Trio sentenced for Burton home invasion
BEAUFORT – A 40-year-old Seabrook man was sentenced to 23 years in prison on Wednesday, February 27 for his role in a violent June 2011 home invasion that resulted in a 70-year-old Burton man being severely beaten.
At the conclusion of a two-day trial, jurors convicted Donald Peters of first-degree burglary, armed robbery and assault and battery.
On June 29, 2011, neighbors heard dogs barking and found a 70-year-old man who was bloody and dazed staggering through the yard. Earlier in the evening, the man had invited two prostitutes into his house, one of whom unlocked the door. After they left, two men broke into the home and beat the man in the head with a police baton before stealing approximately $3,000.
Detectives tracked down the women and uncovered a plot between 24-year-old Lauren Baughman and her two friends, 29-year-old Kurtis Edwards, and Peters, to rob the man after he fell asleep. During the robbery, Peters beat the victim, while Edwards restrained his dog.
“They were looking for an easy mark,” said assistant solicitor Meredith Bannon of the Career Criminal Prosecution Unit. “They picked a victim who they thought wouldn’t report the crime to the police. These three dangerous criminals went to extreme lengths to get money to score more drugs. This case shows the sad consequences of prescription pill addiction in our community.”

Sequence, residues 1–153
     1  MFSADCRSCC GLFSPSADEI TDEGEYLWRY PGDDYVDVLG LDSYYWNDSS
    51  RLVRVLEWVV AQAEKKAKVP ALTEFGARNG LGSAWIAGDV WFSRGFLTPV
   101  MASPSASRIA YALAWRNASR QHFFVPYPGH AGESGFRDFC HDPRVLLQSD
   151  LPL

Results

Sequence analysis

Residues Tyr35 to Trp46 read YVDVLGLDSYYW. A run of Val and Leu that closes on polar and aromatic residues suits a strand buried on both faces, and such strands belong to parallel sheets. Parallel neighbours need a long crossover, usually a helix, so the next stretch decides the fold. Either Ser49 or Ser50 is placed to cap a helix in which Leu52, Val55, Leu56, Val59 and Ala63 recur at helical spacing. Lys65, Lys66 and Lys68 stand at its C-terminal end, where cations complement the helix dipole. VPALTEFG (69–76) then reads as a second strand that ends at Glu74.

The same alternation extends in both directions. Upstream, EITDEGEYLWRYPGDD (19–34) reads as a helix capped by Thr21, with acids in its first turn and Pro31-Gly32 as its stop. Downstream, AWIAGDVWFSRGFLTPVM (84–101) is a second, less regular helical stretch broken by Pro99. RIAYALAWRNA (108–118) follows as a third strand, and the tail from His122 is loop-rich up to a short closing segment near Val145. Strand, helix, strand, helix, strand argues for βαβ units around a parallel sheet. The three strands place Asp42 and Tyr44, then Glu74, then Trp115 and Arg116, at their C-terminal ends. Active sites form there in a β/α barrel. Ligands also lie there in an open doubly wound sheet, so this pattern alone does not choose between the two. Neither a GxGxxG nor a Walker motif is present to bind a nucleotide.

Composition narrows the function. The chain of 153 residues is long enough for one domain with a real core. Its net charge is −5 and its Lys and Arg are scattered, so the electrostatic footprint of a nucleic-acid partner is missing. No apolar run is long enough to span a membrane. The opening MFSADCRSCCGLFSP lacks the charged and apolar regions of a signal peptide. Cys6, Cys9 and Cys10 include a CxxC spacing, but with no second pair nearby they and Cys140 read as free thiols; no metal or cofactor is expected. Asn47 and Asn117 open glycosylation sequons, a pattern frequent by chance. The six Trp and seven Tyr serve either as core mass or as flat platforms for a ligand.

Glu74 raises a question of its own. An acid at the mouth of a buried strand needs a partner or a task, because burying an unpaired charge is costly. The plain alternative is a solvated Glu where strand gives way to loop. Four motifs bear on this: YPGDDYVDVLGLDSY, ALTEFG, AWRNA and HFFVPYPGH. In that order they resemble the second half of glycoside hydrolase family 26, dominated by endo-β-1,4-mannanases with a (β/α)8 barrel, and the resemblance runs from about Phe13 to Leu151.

Both of the other participants also have been sentenced for their roles in the robbery. Baughman, of Burton, pleaded guilty Monday to accessory after the fact and was sentenced to 5 years in prison, a reduced sentence in exchange for her testimony. Edwards, also of Burton, pleaded guilty to first-degree burglary, armed robbery, assault and battery and possession of a controlled substance as well as second-degree burglary for breaking into a barbershop earlier in the evening. He was sentenced to 18 years in prison.
Edwards and Peters each have previous federal bank robbery convictions for separate incidents.
By law, both Edwards and Peters must serve at least 85 percent of their sentences before being eligible for parole.